But, did you notice that Peter already anticipates an answer, “Seven times?” That may sound strange, putting an actual number on it. But, it wasn’t strange in this period of time, and Peter is actually being very generous. Jewish law stated that you only had to forgive a person 3 times. That’s it, 3 times, then you could hold it against the other person for the rest of your life!! But, if Peter is generous, Jesus is magnanimous, “77 times,” or, to make it even more outstanding, it can also be read 7 times 70 = 490 – numbers weren’t that firmly defined back then, at least in terms of language. (And in Greek, you can put the words of a sentence in any order that you want. True, there is a common word order, but you can put them anywhere that you wish. It can be confusing.). 77 or 490, that is a lot of forgiving. Ironically, there are still people out there, who with a clear conscience, are keeping count on either number 77 or 490, just so they can cry out, “That tears it, I’ve done what I had to do, now, I don’t have to forgive you anymore!”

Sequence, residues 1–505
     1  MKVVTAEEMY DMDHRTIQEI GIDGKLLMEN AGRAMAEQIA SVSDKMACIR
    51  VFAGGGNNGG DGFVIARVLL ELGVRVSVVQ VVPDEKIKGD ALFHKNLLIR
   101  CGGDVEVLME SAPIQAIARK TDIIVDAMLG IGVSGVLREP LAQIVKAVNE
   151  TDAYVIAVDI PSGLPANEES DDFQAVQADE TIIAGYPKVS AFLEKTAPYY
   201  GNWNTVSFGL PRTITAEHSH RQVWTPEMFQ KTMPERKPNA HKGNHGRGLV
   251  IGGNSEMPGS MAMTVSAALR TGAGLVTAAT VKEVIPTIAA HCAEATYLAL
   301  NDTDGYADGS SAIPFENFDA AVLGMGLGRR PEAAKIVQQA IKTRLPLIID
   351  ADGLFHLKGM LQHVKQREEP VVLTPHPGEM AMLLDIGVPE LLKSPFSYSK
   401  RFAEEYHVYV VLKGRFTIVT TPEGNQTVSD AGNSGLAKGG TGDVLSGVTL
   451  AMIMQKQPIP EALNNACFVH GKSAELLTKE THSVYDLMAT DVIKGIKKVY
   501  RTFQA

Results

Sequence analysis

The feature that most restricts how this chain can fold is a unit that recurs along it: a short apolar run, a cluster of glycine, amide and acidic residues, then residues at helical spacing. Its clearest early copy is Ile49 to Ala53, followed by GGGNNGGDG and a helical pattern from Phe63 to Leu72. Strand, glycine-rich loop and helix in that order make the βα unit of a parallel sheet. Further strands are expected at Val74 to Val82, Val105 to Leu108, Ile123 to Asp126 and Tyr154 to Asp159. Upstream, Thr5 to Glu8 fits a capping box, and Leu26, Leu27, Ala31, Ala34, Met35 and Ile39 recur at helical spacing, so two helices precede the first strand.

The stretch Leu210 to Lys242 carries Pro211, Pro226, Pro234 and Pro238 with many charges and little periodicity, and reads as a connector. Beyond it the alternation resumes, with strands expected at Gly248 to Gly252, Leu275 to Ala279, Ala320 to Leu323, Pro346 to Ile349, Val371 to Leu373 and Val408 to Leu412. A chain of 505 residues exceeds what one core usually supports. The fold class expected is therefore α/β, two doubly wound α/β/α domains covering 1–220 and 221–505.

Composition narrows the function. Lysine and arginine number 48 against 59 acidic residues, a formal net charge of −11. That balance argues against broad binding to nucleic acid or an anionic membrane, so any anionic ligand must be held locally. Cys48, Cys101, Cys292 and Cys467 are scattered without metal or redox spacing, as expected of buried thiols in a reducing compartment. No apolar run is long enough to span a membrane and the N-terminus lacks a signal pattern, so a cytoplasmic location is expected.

Obviously, they have missed the point of the whole teaching. It is not a matter of keeping score. It is a matter of endless forgiveness for those who turn around, repent, to repair the relationship. It is a lesson to keep on forgiving, not to place one’s self in God’s place as judge (to quote Joseph in the Genesis lesson today), but act as God’s agent of reconciliation in the world, where we are. And Joseph knew a lot about forgiving when it came to his brothers (someday, I’ll tell you about mine). Indeed, Joseph is about the only person in the OT who is considered a saint! However, his brothers were not of the highest character, selling their little brother when he was about 12 years old to their cousins the Ishmaelites. Then he gets sold again, and imprisoned. But God guided his life, so that he ultimately saved his family and the land of Egypt. And in the lesson today, after the death of their father, Jacob, (whom they have already buried – “Realizing that their father was dead,” they aren’t the brightest), they realize that if Joseph wants to get even with them, no one can stop him. The only person above Joseph was Pharaoh, and he would support Joseph. So, they come and beg forgiveness. They realize that they have been out of line, and now they are sorry about it, really sorry about it. They repented. “Do not be afraid,” only said to those who should be. And Joseph tells them this twice! Yes, he could punish them. But instead, he forgives them. Joseph realizes that all that he went through was the way that God planned to save his family. And he took care of his family. Where there is repentance, we must forgive. And, on the flip side, to quote an ancient Church adage, “Without repentance, there is no salvation/forgiveness.” It is the Office of the Keys again, the power to bind and to loose, in heaven and on earth.